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A foolish attempt to predict the region’s big political upheavals in 2013 (Khaled al-Hariri/Reuters)
A foolish attempt to predict the region’s big political upheavals in 2013 (Khaled al-Hariri/Reuters)

Peter Jones

Next year in Jerusalem (and elsewhere in the Middle East) Add to ...

A year ago, after noting that making predictions about the Middle East is a foolish endeavour, I made a series of predictions about what might happen there in 2012. To my amazement, most of them held up reasonably well. For those interested in grading them, my 2012 predictions can be found here.

A sensible person would leave well enough alone and not try it again. So here goes with some predictions for 2013:

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The year of decision on Iran’s nuclear program (possibly): For many years, the prospect of an attack on Iran’s nuclear program has been hyped. No longer. Iran is getting sufficiently close to nuclear weapons capability (finally), and U.S. President Barack Obama will not want this issue to dominate his second term. I am therefore coming to the view that something decisive is going to happen in 2013. Mr. Obama will likely start with a final offer to the Iranians to resolve the issue, and an attack by the United States and/or Israel will then take place if the discussions fail. One way or the other, 2013 could well be the year when this interminable issue comes to a head.

The breakup of Syria (likely): The Syrian opposition is tough but not unified. After President Bashar al-Assad falls, different regional, ethnic and religious groups will seek to dominate a weakened central government, which will ultimately collapse. Powerful regional enclaves will emerge, with attendant ethnic cleansing and brutality. Look for Turkey to be a big loser in this, as an independent Kurdish-Syrian region forms and links to the increasingly independent Iraqi-Kurdish region. As a consequence, Turkey’s violent Kurdish area will become even less stable.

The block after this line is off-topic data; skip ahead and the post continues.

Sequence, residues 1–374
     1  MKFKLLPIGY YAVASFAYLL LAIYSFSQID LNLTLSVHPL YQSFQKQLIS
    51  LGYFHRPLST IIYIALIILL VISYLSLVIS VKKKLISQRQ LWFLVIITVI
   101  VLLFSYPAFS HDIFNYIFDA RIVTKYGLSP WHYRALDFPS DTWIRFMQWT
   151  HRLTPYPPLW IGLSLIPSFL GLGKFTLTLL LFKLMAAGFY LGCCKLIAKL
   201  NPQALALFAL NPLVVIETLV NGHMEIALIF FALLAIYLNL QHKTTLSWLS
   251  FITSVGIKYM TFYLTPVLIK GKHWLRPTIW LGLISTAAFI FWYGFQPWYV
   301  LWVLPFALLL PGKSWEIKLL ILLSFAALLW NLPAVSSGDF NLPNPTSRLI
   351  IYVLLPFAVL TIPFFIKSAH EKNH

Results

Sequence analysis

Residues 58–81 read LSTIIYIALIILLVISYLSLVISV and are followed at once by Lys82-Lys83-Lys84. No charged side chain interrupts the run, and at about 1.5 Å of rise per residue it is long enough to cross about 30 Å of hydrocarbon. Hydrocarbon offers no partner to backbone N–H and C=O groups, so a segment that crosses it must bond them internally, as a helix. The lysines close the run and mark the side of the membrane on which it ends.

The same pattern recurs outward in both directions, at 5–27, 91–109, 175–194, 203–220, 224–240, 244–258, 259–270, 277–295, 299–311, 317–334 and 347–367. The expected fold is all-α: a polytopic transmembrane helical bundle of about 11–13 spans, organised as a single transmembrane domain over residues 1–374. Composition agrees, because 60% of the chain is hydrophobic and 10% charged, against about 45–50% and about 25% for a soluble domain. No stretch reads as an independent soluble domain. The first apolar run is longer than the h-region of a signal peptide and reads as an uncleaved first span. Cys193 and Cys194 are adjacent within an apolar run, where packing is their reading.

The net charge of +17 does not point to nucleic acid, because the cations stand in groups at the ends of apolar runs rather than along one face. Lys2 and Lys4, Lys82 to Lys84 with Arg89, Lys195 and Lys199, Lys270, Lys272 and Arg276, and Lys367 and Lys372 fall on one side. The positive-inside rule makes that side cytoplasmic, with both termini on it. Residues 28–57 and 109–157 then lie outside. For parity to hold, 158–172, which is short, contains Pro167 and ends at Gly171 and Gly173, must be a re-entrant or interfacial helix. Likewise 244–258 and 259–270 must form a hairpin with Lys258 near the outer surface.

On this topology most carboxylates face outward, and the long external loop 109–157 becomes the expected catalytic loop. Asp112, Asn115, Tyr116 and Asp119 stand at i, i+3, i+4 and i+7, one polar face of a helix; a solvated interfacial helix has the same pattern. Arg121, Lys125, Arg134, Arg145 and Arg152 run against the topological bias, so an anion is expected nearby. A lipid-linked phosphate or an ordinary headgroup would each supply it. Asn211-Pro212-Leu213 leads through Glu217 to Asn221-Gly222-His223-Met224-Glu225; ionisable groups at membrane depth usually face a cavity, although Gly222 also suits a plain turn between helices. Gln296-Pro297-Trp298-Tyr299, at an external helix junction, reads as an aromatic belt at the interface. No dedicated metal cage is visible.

The end of the Israeli-Palestinian peace process (likely): The peace process has been on life support for years. Neither side has the political support, or the will, to make the compromises necessary for a “two states” deal. Instead, we will now witness the launch of a multi-year process that will ultimately see the emergence of an absolute Palestinian majority in the land of Israel/Palestine, governed by an increasingly repressive and embattled Jewish minority. Ultimately, an explosion will result that will make the intifadas of old look tame. (Note: If the Netanyahu government loses the upcoming Israeli election, this prediction is tentatively postponed – but the chance of that happening is slim.)

A messy, indecisive year in Egyptian politics (probably): President Mohammed Morsi and his colleagues on the moderate wing of the Muslim Brotherhood will continue trying to push Egypt in the direction of a soft Islamist government. A significant proportion of the population will continue to resist. Meanwhile, the Egyptian government will prove itself woefully incapable of dealing with the country’s pressing economic and social problems and will lose public support rapidly. The Egyptian Army will continue its game of allowing the Brotherhood enough rope to hang itself – without allowing it to really govern – and will wait until public opinion turns before acting decisively.

A “quiet” year for the Arab Spring – but with lots going on under the surface (maybe): With the sole exception of Syria, no Arab government will be overthrown this year, but a yearning for deep change will quietly bubble in many countries. Pushed along by stubborn youth unemployment, high prices for food and other staples and the inability of entrenched elites to meet these challenges, this process will see the continued weakening of institutions and governments across the region. “Political Islam” will try to capitalize on this, but its failure to make things better in those Arab countries where it is in power will see it increasingly discredited. All of this will set the stage for further unrest across the region in the years to come.

The cementing of Canada’s new irrelevance in the region (probably): Canadians have overstated their significance to the region’s politics for decades, but what relevance we did have has been traded away by the Conservative government in return for its own ideological “feel good” objectives. Arab governments will have no interest in seeing Canada play any kind of role in the region’s affairs. Many of them will increasingly look away from Canada as a trading partner. The loss will be Canada’s, not the region’s.

Happy New Year.

Peter Jones is an associate professor in the Graduate School of Public and International Affairs at the University of Ottawa.

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